Media and the demand for statehood

BY sevanti ninan| IN Opinion | 20/02/2014
While much was justifiably made of the blackout, the real significance of the media in the formation of Telangana has been as a major and controversial player.
It drove both the movement and the opposition to it, says SEVANTI NINAN

Sevanti Ninan

The Lok Sabha TV blackout of the passage of the bill to create Telangana, extraordinary as it was, was only the culmination of the role the media, particularly television, has played in the run up to the impending birth of this new state. True TV was denied the powerful role of giving the people of the region, as well as the rest of the country, a chance to witness contentious history in the making. But while much was justifiably made of the blackout, the real significance of the media in the formation of Telangana has been as a major and controversial player.

Television and press play a significant role in the formation of a new state.  There is published work to this effect regarding one of the three states which came into being in 2000. In The Making of a Small State (2011) Anup Kumar examined the aggressive role played by Amar Ujala and Dainik Jagran in sustaining the jan andolan which led to the creation of Uttarakhand.

Similarly, in the case of Telangana, newspapers and TV channels have come into existence in the last few years primarily to articulate the statehood demand. If the media pre-2009 was owned largely by businessmen and politicians from the Andhra region, there are now entrants such as T News, V-6, and others on the Telangana side of the divide.

In a charged situation, sensational media can do harm. In this case it drove both the movement and the opposition to it. In January 2010, the Andhra Pradesh High Court made a series of observations in this regard while directing the state government to implement the Cable Act more effectively. “On account of some of these abusive visuals, people are becoming violent and are trying to create havoc in the state,” the judge said.

He added, “This court is firmly of the opinion that the TV news channels in Andhra Pradesh are exceeding their limitations only for the sake of sensation and this court cannot be a silent spectator.” The order asked the administration to ensure that TV9, NTV, TV5, I News, Sakshi, ABN Andhra Jyothi, ETV-2, TV1, RK News, HMTV, Mahaa TV, and Studio N adhere to the programme code.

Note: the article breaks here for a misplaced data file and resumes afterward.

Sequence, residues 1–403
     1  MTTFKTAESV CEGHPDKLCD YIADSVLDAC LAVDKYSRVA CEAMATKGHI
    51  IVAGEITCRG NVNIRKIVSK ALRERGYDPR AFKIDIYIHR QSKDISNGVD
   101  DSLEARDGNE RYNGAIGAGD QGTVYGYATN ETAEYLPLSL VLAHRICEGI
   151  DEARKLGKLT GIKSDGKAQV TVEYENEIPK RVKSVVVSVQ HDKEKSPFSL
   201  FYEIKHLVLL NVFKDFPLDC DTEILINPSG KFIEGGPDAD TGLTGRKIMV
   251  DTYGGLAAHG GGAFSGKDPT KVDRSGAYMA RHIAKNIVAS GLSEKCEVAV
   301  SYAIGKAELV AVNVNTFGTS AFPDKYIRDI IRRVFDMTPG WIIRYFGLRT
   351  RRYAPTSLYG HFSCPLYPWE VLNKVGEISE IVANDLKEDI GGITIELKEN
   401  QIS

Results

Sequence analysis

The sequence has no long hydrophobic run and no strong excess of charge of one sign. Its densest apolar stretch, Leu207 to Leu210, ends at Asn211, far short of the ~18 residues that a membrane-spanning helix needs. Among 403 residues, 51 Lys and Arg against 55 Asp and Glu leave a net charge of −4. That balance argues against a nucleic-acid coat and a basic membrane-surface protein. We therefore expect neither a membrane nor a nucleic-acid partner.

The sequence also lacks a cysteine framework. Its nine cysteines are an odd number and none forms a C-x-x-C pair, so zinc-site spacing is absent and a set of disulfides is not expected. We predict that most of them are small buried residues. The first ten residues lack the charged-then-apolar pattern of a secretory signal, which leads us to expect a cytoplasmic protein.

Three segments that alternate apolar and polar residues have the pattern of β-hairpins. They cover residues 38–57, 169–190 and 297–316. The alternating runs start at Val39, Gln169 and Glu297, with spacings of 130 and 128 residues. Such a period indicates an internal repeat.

The flip side of this was what the Srikrishna Commission report said about how the media could be used to diffuse the demand for a separate state. There was a chapter 8 in the report, not made public initially, which suggested that  the demand for the new state was being articulated by local reporters given to capturing “only those events/news which reflect the regional sentiments.”  The holders of equity in these newspapers and TV channels he said, were people in favour of Seemandhra. Hyderabad city, which was expected to be the centre of most of the agitations, was generally covered by journalists who are votaries of a separate Telangana. If the media could be “managed” it said, the demand for a separate state (which his committee did not endorse) could be defused.

When the chapter was made public by a High Court judge, it raised a lot of eyebrows.  But it underscores my basic point about how the media has driven this and earlier statehood demands. Out of both genuine conviction and commercial imperatives. The regional media gives itself the freedom to whip up public opinion, but does not display the required maturity to see beyond its self-interest. Some rise to it, most don’t.


A channel that did, back in 2009, was HMTV in Andhra Pradesh when it converted itself into a platform to debate the division of the state. It telecast live from Hyderabad and nine other towns of the Andhra, Telangana and Rayalaseema areas a show called Dasa, Disa where people debated the division of the state. Each episode drew intellectuals, students and the community at large to participate, waiting patiently for their turn to speak.

The studio-based opinion industry that prime time TV news has become ensures that the cameras capture less and less. Repeated shots of jubilation or protest accompanied by an anchor harangue. That is how it was on Tuesday night (February 18) on ABN news, T News, TV 5, TV 9, Sakshi, NTV—you name it. The unintentionally telling bit was anchor and participants greeting each other at one point on T News with ‘Jai Telangana!’

As for the self-styled national media in Delhi, they thought the main story of the day was the TV blackout. Whether on Times Now or NDTV the anchor could not see beyond it. It gave Arnab Goswami grist for his daily hectoring and troubled Vishnu Shome endlessly: “Does anybody believe Lok Sabha TV when it says it was a technical glitch?” The channel’s Hyderabad correspondent interviewing excited young men who though they might now get government jobs, was asked what people there thought of the blackout. “That is hardly on anyone's minds here, Vishnu,” she replied.

The birth of a new state is an overwhelming moment for the people it affects, with endless possibilities for coverage. What a pity then that all these TV channels together achieved so little.

Reprinted from Mint Feb 20, 2014

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